The Commercialization of Analytics : A Vital Thread in the Internet of Things Movement
As more things connect to the Internet, petabytes of data are being generated. These huge amounts of data don’t mean much in the business world, however, unless this information is dissected to its core and analyzed as to how it can affect specific industries.
Take for example a recent statement by Wikibon Principal Analyst Jeff Kelly regarding Industrial Internet Big Data in his report “The Industrial Internet and Big Data Analytics: Opportunities and Challenges,” where he emphasizes that tools and technologies used to process, store, analyze, and optimize Industrial Internet Big Data vary per industry, depending on the mission-critical nature of the workloads.
“[C]onsider the impact of administering the wrong medication to a critically ill patient versus serving up the wrong display ad to someone browsing the Internet. Or the consequences of engine failure on an airliner 30,000 feet over the Pacific Ocean versus an online shopping application crashing during checkout. In both cases, the potential value and consequences of the former dwarf those of the latter,” Kelly explained.
But how has analytics found its way into mainstream?
A brief history of the commercialization of analytics
The commercialization of analytics began in the 1950s when ENIAC, the first electronic general-purpose computer, generated the first model that predicts weather forecast. In 1956, analytics was used to solve the “shortest path problem” and it improved air travel and logistics. In 1958, FICO applied predictive modeling to credit risk decisions.
The use of analytics boomed, crossing over into the mainstream in the 1970s in a trend that continued until 2000, when analytics was proven to be an important part of various industries.
A number of milestones in analytics happened in the 1970s up to the present, such as the creation of the Black-Scholes model to predict optimal price for stock options over time, the first commercial tool for building a model-driven Decision Support System was marketed and FICO deployed real-time analytics to prevent credit card fraud.
There was also the birth of Amazon and eBay, as well as Google, all using analytics to deliver more relevant recommendations and search results. And with the emergence of a more social community, analytics is being applied to a range of consumer recommendation services, suggesting films, restaurants and countless retail items.
To learn more how analytics evolved over time, check out the infographic below:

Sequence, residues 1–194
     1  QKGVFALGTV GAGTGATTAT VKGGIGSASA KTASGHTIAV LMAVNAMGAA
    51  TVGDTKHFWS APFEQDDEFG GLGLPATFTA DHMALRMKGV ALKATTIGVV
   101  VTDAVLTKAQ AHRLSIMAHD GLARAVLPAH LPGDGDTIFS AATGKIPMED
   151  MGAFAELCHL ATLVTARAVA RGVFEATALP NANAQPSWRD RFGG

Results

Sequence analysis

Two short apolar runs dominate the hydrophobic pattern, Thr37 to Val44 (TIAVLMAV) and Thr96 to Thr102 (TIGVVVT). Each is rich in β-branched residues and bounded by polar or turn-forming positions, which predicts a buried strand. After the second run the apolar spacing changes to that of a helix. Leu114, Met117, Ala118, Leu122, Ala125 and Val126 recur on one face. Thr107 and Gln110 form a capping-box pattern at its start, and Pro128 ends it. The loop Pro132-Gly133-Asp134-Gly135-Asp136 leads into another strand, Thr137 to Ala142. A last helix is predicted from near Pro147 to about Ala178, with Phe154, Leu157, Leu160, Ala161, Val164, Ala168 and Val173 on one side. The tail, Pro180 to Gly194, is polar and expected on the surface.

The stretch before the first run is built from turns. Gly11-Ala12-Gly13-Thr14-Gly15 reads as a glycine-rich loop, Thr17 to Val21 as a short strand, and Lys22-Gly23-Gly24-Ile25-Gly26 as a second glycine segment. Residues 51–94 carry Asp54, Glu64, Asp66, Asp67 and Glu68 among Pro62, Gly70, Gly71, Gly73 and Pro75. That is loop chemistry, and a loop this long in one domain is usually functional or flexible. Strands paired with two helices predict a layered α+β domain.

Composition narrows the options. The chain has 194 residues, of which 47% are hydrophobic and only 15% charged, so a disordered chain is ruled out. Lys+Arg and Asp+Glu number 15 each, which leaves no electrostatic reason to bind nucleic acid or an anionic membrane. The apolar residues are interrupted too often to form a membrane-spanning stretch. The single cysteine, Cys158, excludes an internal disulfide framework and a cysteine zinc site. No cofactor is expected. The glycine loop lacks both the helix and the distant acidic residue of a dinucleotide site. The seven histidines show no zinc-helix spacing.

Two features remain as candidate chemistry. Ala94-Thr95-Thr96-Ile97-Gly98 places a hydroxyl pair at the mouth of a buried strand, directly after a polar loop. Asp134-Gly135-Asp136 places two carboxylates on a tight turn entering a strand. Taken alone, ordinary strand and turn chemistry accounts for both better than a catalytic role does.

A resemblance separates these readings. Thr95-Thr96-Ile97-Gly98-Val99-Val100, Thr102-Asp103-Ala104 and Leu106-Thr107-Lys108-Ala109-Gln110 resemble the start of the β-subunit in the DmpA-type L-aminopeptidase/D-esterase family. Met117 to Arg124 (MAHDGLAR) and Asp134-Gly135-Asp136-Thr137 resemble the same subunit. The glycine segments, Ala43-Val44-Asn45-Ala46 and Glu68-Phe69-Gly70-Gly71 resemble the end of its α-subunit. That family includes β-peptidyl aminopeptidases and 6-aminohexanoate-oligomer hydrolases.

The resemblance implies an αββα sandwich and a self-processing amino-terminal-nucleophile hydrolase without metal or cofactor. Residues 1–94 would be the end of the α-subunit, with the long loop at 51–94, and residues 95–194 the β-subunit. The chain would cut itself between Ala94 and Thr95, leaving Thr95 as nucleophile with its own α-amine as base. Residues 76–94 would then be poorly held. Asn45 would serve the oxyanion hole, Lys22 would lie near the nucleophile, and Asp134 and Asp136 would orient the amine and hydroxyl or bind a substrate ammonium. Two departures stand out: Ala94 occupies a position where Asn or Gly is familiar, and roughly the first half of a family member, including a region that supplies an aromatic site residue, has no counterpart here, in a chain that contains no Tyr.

Tech giants commercializing analytics for tomorrow
Giants in the industry have also taken analytics a step further. As mentioned above, the Industrial Internet, as well as the Internet of Things, are growing as more devices are being connected to the internet and its subsequent data gets analyzed.
GE is at the forefront of the Industrial Internet, as it recently released its industrial strength Big Data and analytics platform, expanded its partnerships with Accenture, Pivotal and Amazon Web Services, and hires thousands of engineers as it moves to connect everything to the Internet, from jet engines, wind turbines, MRI machines, locomotives and other industrial grade equipment.
IBM is highly invested in analytics as well, and its using it to help people get better medical care with Watson. At the recent IBM Edge event, it was announced that Watson is being used to aid in the treatment of lung and breast cancer at the Memorial Sloan-Kettering Cancer Center, as well as streamlining treatment preauthorizations at WellPoint. This makes obtaining treatment preauthorization shorter, which in turn makes the whole treatment process less expensive, enabling patients to more consistently receive gets the best medical care.
And HP is also a big investor in analytics. The company’s Business Service Management team is focused on Advanced Analytics, which includes tools for data visualization. After all, seeing the data is much easier than using your imagination.
Analytics is a huge part of our lives even if we don’t know or realize it. The apps recommended to us, the movies we should watch, the places we should visit – these are the just some of the commercial areas where analytics play a huge role. In all, Big Data, the Internet of Things and the Industrial Internet would not be possible without analytics.
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